The art of copying

Dame Jane Goodall’s use of Wikipedia is part of a more decisive shift in authorial culture.

In the 21st century, a writer facing allegations of copying is in for a distressing time. The veteran naturalist Dame Jane Goodall certainly discovered this for herself several weeks ago, when she admitted that her forthcoming book Seeds of Hope lifts passages verbatim, without proper attribution, from several internet sources including Wikipedia. Goodall, known for her pioneering primatology work in the 1960s, has seen the publication date of her 25th book put back as well as finding herself the subject of intense media scrutiny.

I was immediately reminded of the literary self-destruction last year of another science author. The New Yorker's young star Jonah Lehrer’s  suicidal fabrication of Bob Dylan quotations for his book Imagine aroused the suspicions of the Tablet’s Michael Moynihan. Lehrer had already been caught out for "self-plagiarising" and inevitably he was forced to resign from his position at the New Yorker. In a similar move earlier this week, Moynihan turned his critical eye on Goodall, riffling through Seeds of Hope to uncover not only instances of borrowing but also her disturbing "embrace of dubious science". )
The kamikaze tendencies of Lehrer and Goodall, who both had big intellectual reputations, are bewildering at best. What drives such writers to run the risk of forever tainting their stellar careers? In a startling assessment of Lehrer, the New Statesman’s Yo Zushi found that Dylan’s actual sentiments and Lehrer’s pseudo-quotations were far from mismatched: "Lehrer could easily have used bits from real interviews to make his point," Zushi observed. "The perplexing thing is that he didn’t." )
It is unsatisfactory to dismiss Lehrer and Goodall as cases of creative burnout. What is particularly interesting about the two science writers, with Lehrer truly a child of the digital age and Goodall surely embedded in print culture, is that both have fallen victim to more powerful obsessions with intellectual property that run through 21st-century western society. Such extremes have been criticised by the journalist Malcolm Gladwell, who recalls being asked to "match" stories from other newspapers. "The ethics of plagiarism have turned into the narcissism of small differences," he damningly writes about the nature of news copy, "because journalism cannot own up to its heavily derivative nature, it must enforce originality on the level of the sentence." ).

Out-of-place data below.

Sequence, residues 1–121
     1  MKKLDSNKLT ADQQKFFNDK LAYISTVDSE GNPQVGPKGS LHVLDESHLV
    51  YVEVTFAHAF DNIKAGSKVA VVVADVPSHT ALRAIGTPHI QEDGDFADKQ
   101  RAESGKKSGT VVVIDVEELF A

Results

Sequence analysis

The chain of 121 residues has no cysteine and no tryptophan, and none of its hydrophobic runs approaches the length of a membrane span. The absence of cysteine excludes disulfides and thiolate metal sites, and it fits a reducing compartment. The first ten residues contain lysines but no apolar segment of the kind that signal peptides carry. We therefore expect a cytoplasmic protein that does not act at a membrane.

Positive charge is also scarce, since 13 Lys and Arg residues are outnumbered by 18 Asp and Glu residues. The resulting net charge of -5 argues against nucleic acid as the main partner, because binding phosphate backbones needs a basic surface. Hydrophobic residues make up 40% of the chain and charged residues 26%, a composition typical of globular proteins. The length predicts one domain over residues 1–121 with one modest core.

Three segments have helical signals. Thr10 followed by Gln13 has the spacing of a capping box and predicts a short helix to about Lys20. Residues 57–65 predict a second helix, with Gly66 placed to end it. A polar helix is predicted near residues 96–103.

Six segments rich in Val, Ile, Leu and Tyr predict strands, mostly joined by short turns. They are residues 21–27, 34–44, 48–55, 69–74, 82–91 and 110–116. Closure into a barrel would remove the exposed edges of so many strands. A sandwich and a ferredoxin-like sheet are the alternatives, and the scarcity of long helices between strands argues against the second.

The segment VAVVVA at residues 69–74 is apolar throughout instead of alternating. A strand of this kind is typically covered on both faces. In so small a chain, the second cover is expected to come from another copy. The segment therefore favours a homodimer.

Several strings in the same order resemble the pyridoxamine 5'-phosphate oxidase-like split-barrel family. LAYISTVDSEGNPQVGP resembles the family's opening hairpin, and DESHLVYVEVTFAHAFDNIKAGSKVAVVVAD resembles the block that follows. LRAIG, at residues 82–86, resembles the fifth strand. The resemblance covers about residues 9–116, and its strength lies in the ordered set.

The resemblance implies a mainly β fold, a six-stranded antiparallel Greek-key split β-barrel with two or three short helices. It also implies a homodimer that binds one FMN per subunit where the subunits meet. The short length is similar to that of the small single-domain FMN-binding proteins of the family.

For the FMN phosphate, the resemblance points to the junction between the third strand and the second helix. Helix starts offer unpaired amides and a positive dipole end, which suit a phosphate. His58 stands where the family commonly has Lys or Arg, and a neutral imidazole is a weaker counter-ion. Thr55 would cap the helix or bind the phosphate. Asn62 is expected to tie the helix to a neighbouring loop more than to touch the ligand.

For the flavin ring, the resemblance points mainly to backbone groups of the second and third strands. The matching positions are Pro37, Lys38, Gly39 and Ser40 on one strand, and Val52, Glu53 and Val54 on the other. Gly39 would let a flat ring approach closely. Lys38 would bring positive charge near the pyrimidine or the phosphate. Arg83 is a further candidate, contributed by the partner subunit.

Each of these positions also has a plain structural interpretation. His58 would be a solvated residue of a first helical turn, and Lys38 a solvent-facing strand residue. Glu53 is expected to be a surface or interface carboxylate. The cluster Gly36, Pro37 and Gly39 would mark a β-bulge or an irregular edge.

Several years ago, the French novelist Michel Houllebecq was pushed into making a spirited defence after facing accusations that his book La carte et le territoire had lifted passages from Wikipedia. Instead of denial, Houllebecq turned round on his critics and pointed out that the whole ethos of his literary style was premised on incorporating the derivative into an act of transformative creation. "This approach, muddling real documents and fiction, has been used by many authors," Houellebecq argued. Creation and copying exist in a state of symbiosis.
The truth is that this century has been littered with such stories. As we invest ever more in the construction of copyright and the possession of intellectual property, violations of such emotionally charged boundaries have surged. But do authors deserve to see their careers ruined in the process? As Houllebecq suggests, artistic plagiarism can be imbued with aesthetic qualities. And ultimately, does it really matter if banal sources such as Wikipedia are plundered in the quest for creating something greater? Wikipedia itself is subject to the Creative Commons licence which demands proper attribution. But the open commonwealth of knowledge that fills the virtual world is often hazy, frequently messy. Who and what exactly were Goodall and Lehrer violating?
Attempts to distinguish "good" and "dishonourable" acts of literary poaching are missing the point. In the digital age, we are all plagiarists. There are also powerful geographical forces that point to a different future. We need only look a little further east. The gold rush fever that infects the Chinese cultural world has turned global attention onto a new set of artistic entrepreneurs. China has carried a long classical tradition of pedagogical copying. Enforced by the Maoist rejection of private ownership, this ideology has exploded in the reform era into outright "plagiarisms". This has been most persuasively expressed by the Chinese novelist Yu Hua, writing on the "copycat phenomenon".  Yu describes his encounter with a pirated edition of his seminal novel Brothers. “No, it’s not a pirated edition,” the street vendor informed him, “it’s a copycat”.
Whether or not we choose to accept the unceasing stream of ideas that inundate the creative landscape, China’s cultural scene heralds a new age of unabashed artistic emulation.


Jane Goodall pictured earlier this year in Nairobi (Photograph: Getty Image)

En Liang Khong is an arts writer and cellist.

Follow on twitter @en_khong

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The attack on Les Bleus was an attack on the soul of France - that's why Euro 2016 must go ahead

As a continent reels politically from the refugee crisis and emotionally from the Paris attacks, football must find a new, confident voice.

After the Paris attacks, the great Bill Shankly’s words have rarely been so tested: “Some people believe football is a matter of life and death. I am very disappointed with that attitude. I can assure you, it is much, much more important than that.”